In a world that is increasingly globalized, but not united and, indeed, it's building new barriers such as that between "Western" and "Islamic", today we celebrate the 20 years since the fall of the Berlin Wall. It was a symbolic night, not only for the Germans. There are young people born in those days, in those months, who have never seen the maps with the two German states and, instead, have grew in a Europe without frontiers.
But twenty years ago moving from one country to another meant submitting to lengthy customs checks. It also meant not to cross certain boundaries. The Berlin Wall came down quickly, in one night, just as quickly it was built.
The irony is that Germany, today, is celebrating this historic day under the rule of a woman who grew up in the East side and she has experienced that strong upheaval. Angela Merkel, tonight, will symbolically pass the former border at Bornholmer strasse bearing arm with Lech Walesa and Mikhail Gorbachev. Over there it was open one of the first passages and from there will begin the festivities. There, the wall will fall again: over a thousand blocks of polystyrene eight feet tall, painted by artists, but especially young students, were installed by two days, ready to fall during this cerimony in a domino effect that will go to the Reichstag .
Lech Wałęsa and the then-Communist reformer Hungarian premier Miklós Németh will take the hammer to break those initial 2 km of wall rebuilt. At the other extreme, to receive the last piece, there will be the European Commission President, Jose Manuel Barroso, to symbolize the great changes not only Germany but all Europe have had in these 20 years. "These will be hours of excitement, for many Germans and many Europeans. We will never forget the help of friendly countries," said Angela Merkel.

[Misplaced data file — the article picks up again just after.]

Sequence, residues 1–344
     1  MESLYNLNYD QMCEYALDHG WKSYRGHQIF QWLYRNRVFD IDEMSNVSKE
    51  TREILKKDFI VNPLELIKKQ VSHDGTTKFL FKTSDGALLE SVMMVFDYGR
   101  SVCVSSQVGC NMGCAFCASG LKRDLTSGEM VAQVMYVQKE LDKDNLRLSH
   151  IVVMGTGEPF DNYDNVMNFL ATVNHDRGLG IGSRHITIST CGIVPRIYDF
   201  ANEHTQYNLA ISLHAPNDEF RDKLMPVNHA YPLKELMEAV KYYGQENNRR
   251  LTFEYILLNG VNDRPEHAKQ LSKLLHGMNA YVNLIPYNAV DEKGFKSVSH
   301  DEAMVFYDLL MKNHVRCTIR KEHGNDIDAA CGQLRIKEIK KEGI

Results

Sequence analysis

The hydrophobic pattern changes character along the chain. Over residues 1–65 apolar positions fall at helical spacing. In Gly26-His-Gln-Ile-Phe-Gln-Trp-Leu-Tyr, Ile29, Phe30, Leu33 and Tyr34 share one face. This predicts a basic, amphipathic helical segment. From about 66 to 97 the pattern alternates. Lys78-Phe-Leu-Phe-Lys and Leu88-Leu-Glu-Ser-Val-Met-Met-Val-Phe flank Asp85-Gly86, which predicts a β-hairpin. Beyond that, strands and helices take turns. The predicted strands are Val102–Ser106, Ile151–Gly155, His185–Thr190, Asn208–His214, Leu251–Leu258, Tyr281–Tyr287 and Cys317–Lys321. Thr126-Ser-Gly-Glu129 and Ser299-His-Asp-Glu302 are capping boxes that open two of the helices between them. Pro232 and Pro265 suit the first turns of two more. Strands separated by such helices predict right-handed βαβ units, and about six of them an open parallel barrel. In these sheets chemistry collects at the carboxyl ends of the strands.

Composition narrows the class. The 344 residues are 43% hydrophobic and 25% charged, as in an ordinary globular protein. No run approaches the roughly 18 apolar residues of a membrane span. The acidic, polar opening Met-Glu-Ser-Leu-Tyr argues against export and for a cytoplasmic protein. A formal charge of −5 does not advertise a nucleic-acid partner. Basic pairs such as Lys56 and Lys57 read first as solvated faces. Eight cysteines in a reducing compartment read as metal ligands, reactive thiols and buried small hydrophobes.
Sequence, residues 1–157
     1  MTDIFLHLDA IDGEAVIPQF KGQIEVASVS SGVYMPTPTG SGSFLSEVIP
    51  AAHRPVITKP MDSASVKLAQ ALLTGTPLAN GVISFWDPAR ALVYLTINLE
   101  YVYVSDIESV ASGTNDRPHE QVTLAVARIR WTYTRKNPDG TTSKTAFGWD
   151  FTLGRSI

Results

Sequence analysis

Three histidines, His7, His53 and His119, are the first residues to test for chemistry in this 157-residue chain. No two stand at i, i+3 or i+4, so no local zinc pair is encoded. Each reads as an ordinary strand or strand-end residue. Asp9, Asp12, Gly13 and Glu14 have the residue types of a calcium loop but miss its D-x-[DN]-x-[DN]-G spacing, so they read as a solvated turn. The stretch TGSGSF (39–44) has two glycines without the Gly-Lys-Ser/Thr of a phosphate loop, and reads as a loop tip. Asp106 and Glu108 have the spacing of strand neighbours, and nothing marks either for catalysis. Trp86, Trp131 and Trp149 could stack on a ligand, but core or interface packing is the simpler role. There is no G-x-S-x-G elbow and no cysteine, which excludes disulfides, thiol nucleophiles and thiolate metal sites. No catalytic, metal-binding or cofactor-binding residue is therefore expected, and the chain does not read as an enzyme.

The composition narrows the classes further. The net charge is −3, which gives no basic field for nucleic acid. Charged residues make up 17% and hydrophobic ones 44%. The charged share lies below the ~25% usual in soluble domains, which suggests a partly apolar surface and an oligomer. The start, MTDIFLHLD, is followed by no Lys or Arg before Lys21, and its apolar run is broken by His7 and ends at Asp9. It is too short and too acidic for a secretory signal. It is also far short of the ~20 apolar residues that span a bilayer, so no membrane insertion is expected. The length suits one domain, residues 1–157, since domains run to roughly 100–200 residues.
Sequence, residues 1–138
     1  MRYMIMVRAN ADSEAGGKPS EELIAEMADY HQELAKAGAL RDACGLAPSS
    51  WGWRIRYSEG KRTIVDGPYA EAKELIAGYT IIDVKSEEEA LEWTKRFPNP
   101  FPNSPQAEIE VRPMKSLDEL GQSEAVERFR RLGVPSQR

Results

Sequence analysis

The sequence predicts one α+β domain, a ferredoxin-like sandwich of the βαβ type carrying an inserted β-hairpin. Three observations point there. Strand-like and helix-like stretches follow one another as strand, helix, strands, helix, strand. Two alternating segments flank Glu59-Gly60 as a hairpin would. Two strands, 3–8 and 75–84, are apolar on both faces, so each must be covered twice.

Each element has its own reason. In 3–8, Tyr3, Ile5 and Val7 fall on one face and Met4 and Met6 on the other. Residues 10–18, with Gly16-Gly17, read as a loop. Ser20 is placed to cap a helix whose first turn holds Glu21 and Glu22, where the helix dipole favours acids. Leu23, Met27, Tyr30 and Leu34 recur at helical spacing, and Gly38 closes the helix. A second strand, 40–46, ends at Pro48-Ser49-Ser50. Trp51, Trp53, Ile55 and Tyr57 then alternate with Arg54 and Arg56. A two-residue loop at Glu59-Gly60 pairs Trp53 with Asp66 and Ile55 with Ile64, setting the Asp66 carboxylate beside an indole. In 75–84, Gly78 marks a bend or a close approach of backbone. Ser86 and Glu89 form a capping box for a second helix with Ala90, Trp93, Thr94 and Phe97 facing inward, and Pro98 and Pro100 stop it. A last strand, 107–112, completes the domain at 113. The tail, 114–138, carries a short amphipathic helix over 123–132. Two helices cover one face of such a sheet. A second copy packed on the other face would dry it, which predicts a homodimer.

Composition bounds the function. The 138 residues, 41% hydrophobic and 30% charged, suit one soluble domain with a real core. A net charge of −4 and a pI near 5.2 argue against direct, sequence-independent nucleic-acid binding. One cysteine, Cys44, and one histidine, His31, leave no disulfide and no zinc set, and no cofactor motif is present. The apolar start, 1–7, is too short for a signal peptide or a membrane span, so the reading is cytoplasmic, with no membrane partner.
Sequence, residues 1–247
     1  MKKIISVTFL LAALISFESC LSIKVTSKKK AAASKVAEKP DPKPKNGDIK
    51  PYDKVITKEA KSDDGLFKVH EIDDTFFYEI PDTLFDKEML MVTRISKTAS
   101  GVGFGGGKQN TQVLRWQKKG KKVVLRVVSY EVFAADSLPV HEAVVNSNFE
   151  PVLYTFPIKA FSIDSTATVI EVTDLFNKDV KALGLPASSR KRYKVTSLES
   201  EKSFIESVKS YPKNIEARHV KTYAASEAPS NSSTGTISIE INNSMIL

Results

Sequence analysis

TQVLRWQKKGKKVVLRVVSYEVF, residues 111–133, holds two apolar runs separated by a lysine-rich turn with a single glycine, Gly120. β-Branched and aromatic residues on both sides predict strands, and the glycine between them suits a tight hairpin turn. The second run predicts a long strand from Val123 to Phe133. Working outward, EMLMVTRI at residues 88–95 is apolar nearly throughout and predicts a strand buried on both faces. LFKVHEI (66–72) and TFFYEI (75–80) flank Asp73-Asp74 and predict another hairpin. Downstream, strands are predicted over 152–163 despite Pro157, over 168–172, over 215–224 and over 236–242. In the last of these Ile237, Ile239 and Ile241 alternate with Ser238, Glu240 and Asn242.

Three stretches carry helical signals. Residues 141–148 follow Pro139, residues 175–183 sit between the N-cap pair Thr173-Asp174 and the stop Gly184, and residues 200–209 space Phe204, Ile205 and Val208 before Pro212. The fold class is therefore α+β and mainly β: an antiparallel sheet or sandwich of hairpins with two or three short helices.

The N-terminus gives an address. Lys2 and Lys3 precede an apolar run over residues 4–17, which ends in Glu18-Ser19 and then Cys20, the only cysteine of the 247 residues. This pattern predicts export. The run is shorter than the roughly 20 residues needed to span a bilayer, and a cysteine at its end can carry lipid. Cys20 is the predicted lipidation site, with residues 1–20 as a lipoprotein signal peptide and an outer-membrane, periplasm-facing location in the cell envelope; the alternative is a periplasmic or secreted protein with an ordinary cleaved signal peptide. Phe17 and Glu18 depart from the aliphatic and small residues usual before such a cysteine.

From the night when the wall was demolished, the path was inevitable, with Helmut Kohl who was able to achieve the political and economic unification of the coutry: this will show how the two former states were far apart.
Today, twenty years later, the hopes that were achievable with the fall of that symbol are not changed. The reunification of Germany, the dissolution of the former Soviet Union, the disruption of all east countries, all this has taught us that walls can fall, but also that every day we are building new ones.
Tonight there will be new pictures that will go down in history. But from twenty years ago will remain, among others, the one of Rostropovich (at that time banned by all countries in Eastern Europe) who began to play with his cello some Bach suites: a sad music "because now we are happy but we must remember that the Wall has been suffering, separation, death."
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